Peaches, Lemons, and Cookies: Designing Auction Markets with Dispersed Information
This paper studies the role of information asymmetries in second price, common value auctions. Motivated by information structures that arise commonly in applications such as online advertising, we seek to understand what types of information asymmetries lead to substantial reductions in revenue for the auctioneer. One application of our results concerns online advertising auctions in the presence of “cookies”, which allow individual advertisers to recognize advertising opportunities for users who, for example, are customers of their websites. Cookies create substantial information asymmetries both ex ante and at the interim stage, when advertisers form their beliefs. The paper proceeds by first introducing a new refinement, which we call “tremble robust equilibrium” (TRE), which overcomes the problem of multiplicity of equilibria in many domains of interest.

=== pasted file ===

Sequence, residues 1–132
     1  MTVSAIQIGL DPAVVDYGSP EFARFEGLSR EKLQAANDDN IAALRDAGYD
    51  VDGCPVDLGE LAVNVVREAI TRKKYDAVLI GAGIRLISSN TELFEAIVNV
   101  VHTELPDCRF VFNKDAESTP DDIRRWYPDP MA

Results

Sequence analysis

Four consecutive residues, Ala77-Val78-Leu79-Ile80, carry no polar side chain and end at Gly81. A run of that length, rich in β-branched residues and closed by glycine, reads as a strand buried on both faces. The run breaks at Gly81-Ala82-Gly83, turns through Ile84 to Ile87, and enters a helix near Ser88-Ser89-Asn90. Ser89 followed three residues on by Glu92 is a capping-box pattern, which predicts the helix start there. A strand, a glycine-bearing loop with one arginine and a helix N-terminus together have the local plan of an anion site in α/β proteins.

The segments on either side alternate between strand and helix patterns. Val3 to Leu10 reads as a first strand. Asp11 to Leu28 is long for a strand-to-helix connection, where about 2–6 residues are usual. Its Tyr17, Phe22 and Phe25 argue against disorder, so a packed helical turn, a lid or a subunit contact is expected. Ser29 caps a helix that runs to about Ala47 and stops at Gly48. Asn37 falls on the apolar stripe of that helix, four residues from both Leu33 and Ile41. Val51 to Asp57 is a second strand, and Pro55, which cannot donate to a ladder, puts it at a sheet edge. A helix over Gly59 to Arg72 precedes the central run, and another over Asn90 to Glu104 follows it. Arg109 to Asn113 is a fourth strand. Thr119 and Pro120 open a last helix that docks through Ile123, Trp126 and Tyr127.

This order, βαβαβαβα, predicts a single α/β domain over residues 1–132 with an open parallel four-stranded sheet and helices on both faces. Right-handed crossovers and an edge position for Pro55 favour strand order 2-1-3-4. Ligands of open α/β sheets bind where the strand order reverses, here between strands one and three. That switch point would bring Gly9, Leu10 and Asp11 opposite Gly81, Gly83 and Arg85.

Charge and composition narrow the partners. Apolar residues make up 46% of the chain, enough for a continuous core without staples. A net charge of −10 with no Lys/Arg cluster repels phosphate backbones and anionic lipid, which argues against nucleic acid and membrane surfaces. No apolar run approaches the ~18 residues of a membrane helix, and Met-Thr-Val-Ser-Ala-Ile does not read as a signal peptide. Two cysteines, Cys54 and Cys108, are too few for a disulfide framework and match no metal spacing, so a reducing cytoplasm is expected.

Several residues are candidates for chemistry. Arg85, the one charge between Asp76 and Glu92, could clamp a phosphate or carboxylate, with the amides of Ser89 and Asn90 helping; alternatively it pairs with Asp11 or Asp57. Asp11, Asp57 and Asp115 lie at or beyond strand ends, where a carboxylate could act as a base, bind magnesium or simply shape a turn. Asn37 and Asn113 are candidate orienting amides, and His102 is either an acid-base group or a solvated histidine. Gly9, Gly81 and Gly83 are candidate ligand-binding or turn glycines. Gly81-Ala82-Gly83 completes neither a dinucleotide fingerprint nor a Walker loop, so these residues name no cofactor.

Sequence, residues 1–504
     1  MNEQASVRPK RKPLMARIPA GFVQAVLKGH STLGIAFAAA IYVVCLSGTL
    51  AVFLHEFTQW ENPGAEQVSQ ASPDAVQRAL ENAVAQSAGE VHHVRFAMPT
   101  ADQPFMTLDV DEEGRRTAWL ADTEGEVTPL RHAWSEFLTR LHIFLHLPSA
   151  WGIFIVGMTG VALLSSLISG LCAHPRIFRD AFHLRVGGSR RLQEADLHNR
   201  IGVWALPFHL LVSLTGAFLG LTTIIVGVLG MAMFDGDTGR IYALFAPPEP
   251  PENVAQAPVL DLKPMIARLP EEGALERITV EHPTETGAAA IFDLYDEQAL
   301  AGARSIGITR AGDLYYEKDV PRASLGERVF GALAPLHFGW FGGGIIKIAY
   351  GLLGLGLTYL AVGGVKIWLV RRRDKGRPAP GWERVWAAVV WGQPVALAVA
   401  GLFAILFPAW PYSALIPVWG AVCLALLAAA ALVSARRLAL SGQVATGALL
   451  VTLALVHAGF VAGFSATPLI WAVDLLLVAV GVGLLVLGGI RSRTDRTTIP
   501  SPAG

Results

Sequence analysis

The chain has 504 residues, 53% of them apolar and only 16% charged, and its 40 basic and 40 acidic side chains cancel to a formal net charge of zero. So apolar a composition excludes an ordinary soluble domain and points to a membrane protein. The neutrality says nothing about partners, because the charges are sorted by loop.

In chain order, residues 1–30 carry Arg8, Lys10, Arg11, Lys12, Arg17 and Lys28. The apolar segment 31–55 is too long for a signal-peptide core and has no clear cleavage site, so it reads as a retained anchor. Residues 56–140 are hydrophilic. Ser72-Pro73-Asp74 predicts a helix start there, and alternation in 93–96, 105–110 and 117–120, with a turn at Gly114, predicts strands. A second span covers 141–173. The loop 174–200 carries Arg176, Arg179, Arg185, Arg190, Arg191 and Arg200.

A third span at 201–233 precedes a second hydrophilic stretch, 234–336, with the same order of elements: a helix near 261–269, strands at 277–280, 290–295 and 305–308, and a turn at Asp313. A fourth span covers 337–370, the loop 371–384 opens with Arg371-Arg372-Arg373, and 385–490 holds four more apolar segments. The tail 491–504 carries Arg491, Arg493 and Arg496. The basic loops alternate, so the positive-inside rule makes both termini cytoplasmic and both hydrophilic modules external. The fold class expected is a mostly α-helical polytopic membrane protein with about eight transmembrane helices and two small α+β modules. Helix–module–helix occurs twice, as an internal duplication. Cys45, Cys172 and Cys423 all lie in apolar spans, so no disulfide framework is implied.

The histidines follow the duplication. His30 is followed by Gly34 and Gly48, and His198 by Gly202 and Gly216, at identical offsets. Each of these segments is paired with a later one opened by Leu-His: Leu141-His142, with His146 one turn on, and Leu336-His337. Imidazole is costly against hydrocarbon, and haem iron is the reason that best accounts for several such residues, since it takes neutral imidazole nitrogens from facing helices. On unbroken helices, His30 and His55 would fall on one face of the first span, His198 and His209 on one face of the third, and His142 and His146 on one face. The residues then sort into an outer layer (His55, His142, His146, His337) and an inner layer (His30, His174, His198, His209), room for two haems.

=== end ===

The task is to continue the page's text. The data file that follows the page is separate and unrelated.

Second, we consider a special information structure, where only one bidder has access to superior information, and show that the seller’s revenue in the unique TRE is equal to the expected value of the object conditional on the lowest possible signal, no matter how unlikely it is that this signal is realized. Thus, if cookies identify especially good users, revenue may not be affected much, but if cookies can (even occasionally) be used to identify very poor users, the revenue consequences are severe. In the third part of the paper, we study the case where multiple bidders may be informed, providing additional characterizations of the impact of information structure on revenue. Finally, we consider richer market designs that ensure greater revenue for the auctioneer, for example by auctioning the right to participate in the mechanism.